The desire of European member governments to retain national data (for vague and comprehensive “security” purposes) and indiscriminate large-scale surveillance are incompatible with the basic principles of EU law (proportionality, respect for privacy, etc.). The battle with the European Court of Justice (CJEU), the EU’s supreme judiciary, which continues to defend its basic rights, has once again called for bitter legal criticism of domestic legislation on large-scale data retention.
This time, the German data retention law was struck by the CJEU, which retains customer communication traffic data proposed by ISPs (Internet service providers) SpaceNet and Telekom Deutchland. Arbitrage following multiple lawsuits that challenge the obligation to do so.
Although no ruling has been issued yet, on November 18, local time, in an influential opinion from the CJEU adviser, the general and indiscriminate retention of traffic and location data is exceptional (related to the threat to national security). ), And the view that the data should not be retained permanently was expressed.
In a press release announcing the opinion of Justice Manuel Campos Sánchez-Bordona of the EU Court of Justice, the court said, “The answer to any of the issues mentioned is already in the court’s case. We believe it is included in the law or can be easily inferred from it, “he said. Is not a targeted method (such as for specific national security purposes), so it cannot be matched to EU law within the time limit imposed for storage. He clearly presented his views.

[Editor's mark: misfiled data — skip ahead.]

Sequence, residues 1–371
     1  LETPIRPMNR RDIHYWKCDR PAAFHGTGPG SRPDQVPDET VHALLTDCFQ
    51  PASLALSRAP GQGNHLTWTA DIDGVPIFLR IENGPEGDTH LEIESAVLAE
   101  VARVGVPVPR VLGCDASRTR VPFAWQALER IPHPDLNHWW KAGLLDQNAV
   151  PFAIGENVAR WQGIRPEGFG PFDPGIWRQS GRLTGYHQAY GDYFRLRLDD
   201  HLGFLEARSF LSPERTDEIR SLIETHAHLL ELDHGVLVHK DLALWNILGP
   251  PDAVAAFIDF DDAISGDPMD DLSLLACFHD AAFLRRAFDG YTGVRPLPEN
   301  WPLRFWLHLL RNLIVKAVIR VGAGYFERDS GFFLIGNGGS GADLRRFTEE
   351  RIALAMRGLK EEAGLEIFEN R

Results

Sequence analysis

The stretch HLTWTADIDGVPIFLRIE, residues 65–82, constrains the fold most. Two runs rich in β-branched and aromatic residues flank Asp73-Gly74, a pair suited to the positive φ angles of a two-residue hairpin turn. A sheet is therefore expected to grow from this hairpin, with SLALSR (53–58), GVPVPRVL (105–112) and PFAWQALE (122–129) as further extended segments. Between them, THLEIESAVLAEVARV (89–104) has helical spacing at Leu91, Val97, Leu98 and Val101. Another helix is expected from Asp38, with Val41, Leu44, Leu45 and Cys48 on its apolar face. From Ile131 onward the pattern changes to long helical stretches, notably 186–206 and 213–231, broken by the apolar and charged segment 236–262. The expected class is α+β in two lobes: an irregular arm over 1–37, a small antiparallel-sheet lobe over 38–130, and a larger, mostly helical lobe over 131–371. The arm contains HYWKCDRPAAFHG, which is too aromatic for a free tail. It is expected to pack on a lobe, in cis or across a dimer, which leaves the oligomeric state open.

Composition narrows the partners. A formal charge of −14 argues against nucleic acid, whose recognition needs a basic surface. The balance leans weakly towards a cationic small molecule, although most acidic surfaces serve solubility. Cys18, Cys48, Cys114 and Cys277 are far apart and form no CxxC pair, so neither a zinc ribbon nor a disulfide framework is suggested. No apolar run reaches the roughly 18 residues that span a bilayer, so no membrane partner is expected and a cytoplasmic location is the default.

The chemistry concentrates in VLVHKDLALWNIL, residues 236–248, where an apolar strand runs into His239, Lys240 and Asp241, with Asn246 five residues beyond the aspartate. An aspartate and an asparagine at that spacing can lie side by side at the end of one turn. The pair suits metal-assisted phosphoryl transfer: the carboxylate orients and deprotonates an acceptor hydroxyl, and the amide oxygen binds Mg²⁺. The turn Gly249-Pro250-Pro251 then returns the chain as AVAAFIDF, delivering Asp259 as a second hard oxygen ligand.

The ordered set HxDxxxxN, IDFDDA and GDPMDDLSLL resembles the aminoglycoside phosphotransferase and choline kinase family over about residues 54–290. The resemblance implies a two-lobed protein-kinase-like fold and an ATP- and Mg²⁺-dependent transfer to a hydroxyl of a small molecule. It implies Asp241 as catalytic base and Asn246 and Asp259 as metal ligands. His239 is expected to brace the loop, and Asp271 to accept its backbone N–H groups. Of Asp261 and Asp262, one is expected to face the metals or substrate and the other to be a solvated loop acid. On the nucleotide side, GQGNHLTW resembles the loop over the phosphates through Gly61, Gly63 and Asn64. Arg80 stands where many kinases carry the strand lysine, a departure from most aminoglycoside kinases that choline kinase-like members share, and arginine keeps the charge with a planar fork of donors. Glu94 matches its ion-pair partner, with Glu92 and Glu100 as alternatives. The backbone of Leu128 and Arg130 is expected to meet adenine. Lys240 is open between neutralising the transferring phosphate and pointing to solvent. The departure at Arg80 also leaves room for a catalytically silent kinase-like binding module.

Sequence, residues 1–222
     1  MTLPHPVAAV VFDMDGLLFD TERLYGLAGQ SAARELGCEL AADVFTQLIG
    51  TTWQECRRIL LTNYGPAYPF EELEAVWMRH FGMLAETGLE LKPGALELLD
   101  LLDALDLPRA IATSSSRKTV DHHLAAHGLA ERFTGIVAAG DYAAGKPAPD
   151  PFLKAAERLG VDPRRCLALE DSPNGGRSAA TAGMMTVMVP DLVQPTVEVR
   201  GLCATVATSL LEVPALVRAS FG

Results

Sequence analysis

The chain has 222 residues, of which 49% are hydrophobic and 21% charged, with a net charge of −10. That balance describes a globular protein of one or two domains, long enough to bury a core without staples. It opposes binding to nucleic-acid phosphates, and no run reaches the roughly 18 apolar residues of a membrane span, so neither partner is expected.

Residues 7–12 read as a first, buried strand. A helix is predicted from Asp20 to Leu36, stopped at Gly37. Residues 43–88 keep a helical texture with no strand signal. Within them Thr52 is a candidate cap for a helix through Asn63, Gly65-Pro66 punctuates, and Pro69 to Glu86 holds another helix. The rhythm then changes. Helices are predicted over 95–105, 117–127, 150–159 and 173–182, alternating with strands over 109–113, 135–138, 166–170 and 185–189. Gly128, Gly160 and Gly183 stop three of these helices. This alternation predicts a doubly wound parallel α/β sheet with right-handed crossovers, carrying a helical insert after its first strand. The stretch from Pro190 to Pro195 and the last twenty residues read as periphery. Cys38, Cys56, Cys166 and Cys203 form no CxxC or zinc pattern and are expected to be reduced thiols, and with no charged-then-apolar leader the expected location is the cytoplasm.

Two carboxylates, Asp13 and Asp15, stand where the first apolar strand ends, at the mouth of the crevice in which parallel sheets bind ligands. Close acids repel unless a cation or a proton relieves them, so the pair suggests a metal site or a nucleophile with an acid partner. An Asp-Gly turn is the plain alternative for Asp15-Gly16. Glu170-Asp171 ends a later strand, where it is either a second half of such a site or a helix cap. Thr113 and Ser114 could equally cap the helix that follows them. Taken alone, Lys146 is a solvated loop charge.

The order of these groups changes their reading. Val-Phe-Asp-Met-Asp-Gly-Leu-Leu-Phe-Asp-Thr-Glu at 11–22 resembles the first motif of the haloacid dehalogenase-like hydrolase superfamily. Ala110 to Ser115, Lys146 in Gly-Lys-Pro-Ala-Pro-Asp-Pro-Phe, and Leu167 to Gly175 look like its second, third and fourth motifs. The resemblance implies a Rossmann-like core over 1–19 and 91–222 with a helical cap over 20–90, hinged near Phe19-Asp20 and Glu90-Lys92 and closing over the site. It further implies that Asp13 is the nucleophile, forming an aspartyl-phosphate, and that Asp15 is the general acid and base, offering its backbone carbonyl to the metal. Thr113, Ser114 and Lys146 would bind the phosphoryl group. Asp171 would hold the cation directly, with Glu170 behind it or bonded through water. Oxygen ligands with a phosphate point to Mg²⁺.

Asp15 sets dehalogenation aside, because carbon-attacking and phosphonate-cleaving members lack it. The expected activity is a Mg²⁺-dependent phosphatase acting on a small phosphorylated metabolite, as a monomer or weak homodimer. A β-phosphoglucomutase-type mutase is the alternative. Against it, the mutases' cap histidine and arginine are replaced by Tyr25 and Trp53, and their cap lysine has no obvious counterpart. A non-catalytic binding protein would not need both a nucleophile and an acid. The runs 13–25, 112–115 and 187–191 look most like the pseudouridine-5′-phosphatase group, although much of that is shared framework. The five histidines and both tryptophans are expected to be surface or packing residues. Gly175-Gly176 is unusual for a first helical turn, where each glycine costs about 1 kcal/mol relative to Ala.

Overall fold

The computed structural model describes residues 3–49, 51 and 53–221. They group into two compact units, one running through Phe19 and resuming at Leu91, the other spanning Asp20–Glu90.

He points out that indiscriminate bulk collection creates “serious risks” such as personal data leaks or unauthorized access. He reiterated that it would bring “significant interference” to the private family life of citizens and the fundamental rights of personal data protection.
Although this view is not legally binding, the CJEU’s rulings tend to be tailored to advisors. However, the final proceedings in the proceedings are still months away.
The CJEU ruled a similar case a year ago. In a lawsuit in which several digital rights groups challenged the country’s large-scale data collection and retention under British and French law, the court at the time had only limited data collection and retention. I ruled that it would be forgiven.
In a groundbreaking decision in 2014, the CJEU dismissed the 2006 EU Directive aimed at harmonizing data retention rules within the sphere, arguing that the system constitutes excessive intervention in the rights of citizens. Then you would think that the member states should have received the message by now.
However, it seems unlikely that this legal conflict will settle. In particular, Netzpolitik obtained leaked discussion material showing that there are new moves to revive the Pan-EU data retention law among governments, and reported this summer. Based on that.
– EDRi (@edri) November 18, 2021
Image Credits: Vicente Méndez / Getty Images
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(Sentence: Natasha Lomas, Translation: Nob Takahashi / facebook)